2015-08-30 52 0

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Sun 30 Aug 2015 in Cambridge, UK:
52.5825550, 0.5715287

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In the northeastern corner of the grounds of Oxbrough Hall, Oxborough, Norfolk.

The hashpoint is in the village of Oxborough, Norfolk. It's by the side of the main road passing through the village. It's very accessible.

Strictly speaking, the exact point determined by the hash is very well-labelled as being in private property. It appears to be under a tree just within a walled garden. Standing on the other side of the wall that separates the public road from the hashpoint will get us within metres of the point.

However, the property belongs to Oxbrough Hall, a National Trust property, and geohashing purists can pay £4.90 each (house costs more, children half price) to gain access to the gardens. The hashpoint is in these gardens. They are Victorian and look nice - a French parterre, a herbaceous border, an orchard and kitchen garden.

Wet Weather. A yellow warning of rain has been issued for Sunday by the Met Office for the east of England. As of Sunday morning, according to the forecast by the BBC, it will heavily until 1pm and lightly until 5pm. Bring waterproofs!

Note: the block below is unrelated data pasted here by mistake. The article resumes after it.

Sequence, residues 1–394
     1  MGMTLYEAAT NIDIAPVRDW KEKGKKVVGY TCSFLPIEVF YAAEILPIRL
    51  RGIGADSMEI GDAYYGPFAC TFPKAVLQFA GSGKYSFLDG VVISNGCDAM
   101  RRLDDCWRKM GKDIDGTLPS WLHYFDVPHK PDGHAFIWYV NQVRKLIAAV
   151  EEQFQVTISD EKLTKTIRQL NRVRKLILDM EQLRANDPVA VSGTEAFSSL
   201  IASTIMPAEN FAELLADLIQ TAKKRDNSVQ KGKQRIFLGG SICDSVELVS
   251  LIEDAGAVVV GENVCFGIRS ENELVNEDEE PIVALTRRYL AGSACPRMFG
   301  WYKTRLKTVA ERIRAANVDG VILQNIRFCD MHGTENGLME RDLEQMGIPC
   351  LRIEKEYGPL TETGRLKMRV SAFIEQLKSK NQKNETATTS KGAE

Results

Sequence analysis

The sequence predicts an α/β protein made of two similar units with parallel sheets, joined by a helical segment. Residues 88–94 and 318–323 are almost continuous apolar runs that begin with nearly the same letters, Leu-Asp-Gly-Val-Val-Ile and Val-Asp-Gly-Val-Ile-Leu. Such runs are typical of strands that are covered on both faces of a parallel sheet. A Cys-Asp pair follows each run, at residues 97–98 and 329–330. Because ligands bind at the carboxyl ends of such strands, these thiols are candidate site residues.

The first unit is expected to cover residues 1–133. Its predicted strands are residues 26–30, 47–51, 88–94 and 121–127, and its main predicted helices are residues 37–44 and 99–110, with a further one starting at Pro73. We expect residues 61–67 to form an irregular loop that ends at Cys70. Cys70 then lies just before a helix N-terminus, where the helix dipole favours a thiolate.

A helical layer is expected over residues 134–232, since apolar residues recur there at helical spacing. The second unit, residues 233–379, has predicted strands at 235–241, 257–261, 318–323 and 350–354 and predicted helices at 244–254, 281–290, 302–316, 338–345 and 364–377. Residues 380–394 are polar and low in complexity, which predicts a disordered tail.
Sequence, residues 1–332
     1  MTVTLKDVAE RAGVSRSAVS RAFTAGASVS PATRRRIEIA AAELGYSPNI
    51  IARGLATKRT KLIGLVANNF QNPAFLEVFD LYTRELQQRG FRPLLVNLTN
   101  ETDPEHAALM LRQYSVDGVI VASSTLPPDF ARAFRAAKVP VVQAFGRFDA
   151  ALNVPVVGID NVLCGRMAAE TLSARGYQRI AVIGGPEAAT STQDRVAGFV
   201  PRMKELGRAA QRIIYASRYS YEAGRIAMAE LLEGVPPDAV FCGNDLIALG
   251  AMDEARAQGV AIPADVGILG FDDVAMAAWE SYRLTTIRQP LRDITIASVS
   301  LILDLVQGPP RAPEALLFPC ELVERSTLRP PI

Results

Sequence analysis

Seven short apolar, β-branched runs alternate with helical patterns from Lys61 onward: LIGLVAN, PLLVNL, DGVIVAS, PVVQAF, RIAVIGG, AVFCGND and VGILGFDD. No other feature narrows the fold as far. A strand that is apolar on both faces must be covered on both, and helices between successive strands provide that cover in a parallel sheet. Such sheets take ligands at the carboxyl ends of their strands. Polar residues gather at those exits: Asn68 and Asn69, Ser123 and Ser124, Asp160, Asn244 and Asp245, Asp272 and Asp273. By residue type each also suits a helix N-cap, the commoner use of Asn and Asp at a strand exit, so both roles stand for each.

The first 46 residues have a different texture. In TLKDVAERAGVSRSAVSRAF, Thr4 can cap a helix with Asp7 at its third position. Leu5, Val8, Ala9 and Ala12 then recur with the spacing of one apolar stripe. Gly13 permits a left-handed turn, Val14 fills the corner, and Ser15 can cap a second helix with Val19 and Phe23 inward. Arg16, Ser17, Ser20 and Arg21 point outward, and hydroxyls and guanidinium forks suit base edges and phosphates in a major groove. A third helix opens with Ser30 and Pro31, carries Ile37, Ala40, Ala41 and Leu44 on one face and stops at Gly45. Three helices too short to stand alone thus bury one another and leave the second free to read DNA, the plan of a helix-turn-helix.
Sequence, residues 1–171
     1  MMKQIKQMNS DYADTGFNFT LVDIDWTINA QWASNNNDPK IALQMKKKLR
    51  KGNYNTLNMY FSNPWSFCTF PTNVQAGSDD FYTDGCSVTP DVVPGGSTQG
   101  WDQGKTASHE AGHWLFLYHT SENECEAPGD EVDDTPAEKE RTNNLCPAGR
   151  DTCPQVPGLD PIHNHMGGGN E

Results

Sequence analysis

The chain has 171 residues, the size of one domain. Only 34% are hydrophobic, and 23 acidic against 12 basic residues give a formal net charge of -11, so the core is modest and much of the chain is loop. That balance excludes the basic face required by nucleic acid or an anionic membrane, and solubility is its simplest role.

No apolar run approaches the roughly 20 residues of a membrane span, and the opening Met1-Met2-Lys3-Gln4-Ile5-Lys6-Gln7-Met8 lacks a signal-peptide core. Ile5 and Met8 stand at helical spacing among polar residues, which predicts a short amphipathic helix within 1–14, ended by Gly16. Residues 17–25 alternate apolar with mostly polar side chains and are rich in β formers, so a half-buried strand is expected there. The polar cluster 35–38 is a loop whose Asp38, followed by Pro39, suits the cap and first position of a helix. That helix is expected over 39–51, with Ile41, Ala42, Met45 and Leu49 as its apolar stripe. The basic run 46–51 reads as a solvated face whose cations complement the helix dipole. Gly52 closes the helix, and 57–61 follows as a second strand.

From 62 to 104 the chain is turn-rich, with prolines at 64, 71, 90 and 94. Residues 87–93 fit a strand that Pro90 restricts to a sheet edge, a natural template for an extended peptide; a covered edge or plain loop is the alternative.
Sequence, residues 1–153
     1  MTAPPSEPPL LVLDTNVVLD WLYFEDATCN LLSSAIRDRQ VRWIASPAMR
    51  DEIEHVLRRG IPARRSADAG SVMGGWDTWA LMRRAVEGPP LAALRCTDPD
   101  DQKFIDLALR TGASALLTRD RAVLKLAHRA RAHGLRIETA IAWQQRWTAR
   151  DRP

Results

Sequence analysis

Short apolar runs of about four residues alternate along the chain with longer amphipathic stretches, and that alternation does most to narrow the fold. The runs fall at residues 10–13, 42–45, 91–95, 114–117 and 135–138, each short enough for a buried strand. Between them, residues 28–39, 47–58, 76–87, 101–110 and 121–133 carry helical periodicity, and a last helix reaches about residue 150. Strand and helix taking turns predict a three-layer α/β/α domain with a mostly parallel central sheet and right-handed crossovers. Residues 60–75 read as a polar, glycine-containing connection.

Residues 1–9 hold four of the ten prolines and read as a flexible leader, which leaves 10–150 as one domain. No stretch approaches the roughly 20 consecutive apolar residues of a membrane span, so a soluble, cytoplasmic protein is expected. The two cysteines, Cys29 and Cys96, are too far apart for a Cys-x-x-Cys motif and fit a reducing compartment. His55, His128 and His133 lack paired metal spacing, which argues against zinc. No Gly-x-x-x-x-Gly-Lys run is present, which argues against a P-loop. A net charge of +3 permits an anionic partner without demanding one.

Since the hashpoint is trivial to visit, we've got some other plans for the day. It turns out there are other things to do besides visiting the garden:

  • The Bedingfeld Arms is a few hundred metres from the hashpoint, a modernised 18th century inn. It offers what looks like a decent evening bar menu and a special Sunday menu, but stops serving at 4pm and begins again at 7pm. During this interval no food is available.
  • There are plenty of nature walks nearby, including woodland in the grounds of the Hall and along the River Gadder. We have some plans to visit some geocaches nearby.

Our plan is as follows: We're driving up from Cambridge. We'll be at the hashpoint at 3pm. We'll have a picnic in the gardens of Oxbrough Hall, or somewhere else pretty. For the rest of the day, we'll walk around Oxborough and maybe do some geocaching. We will be in the Bedingfeld Arms beforehand at 12.45pm for lunch. Others are very welcome to join us for any of this.